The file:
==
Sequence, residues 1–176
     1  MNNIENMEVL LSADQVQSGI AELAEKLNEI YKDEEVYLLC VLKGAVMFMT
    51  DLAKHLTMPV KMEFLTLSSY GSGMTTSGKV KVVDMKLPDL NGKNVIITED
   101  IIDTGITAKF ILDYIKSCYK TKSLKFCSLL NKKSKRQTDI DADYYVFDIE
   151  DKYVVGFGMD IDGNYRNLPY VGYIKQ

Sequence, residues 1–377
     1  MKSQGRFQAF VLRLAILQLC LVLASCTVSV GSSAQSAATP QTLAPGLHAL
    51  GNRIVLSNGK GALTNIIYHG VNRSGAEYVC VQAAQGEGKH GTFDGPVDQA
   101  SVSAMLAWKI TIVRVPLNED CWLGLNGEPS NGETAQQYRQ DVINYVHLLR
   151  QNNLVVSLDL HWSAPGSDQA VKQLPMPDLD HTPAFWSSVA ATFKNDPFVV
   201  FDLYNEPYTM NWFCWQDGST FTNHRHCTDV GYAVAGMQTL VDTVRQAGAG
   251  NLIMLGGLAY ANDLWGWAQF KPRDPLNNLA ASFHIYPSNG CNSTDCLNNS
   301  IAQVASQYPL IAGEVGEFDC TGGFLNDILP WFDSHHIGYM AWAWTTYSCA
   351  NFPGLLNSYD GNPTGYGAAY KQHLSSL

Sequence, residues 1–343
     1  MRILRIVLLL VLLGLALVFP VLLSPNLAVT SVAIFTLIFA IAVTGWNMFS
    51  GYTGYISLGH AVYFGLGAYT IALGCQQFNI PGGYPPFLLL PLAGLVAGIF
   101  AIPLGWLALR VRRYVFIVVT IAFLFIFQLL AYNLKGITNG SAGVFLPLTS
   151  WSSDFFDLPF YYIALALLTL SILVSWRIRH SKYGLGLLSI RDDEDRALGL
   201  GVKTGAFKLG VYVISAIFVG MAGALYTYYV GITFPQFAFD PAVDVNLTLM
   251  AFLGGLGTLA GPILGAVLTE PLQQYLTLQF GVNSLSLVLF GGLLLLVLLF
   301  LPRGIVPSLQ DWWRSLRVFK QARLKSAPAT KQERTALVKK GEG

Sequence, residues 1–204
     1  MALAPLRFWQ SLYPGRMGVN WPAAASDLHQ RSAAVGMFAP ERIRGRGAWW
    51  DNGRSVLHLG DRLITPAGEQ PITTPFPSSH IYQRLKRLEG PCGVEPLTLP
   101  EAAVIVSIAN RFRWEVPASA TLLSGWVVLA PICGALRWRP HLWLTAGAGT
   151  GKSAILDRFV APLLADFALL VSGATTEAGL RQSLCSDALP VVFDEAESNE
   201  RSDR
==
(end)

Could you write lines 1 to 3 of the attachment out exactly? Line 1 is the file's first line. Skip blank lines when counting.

Sequence, residues 1–176
     1  MNNIENMEVL LSADQVQSGI AELAEKLNEI YKDEEVYLLC VLKGAVMFMT
    51  DLAKHLTMPV KMEFLTLSSY GSGMTTSGKV KVVDMKLPDL NGKNVIITED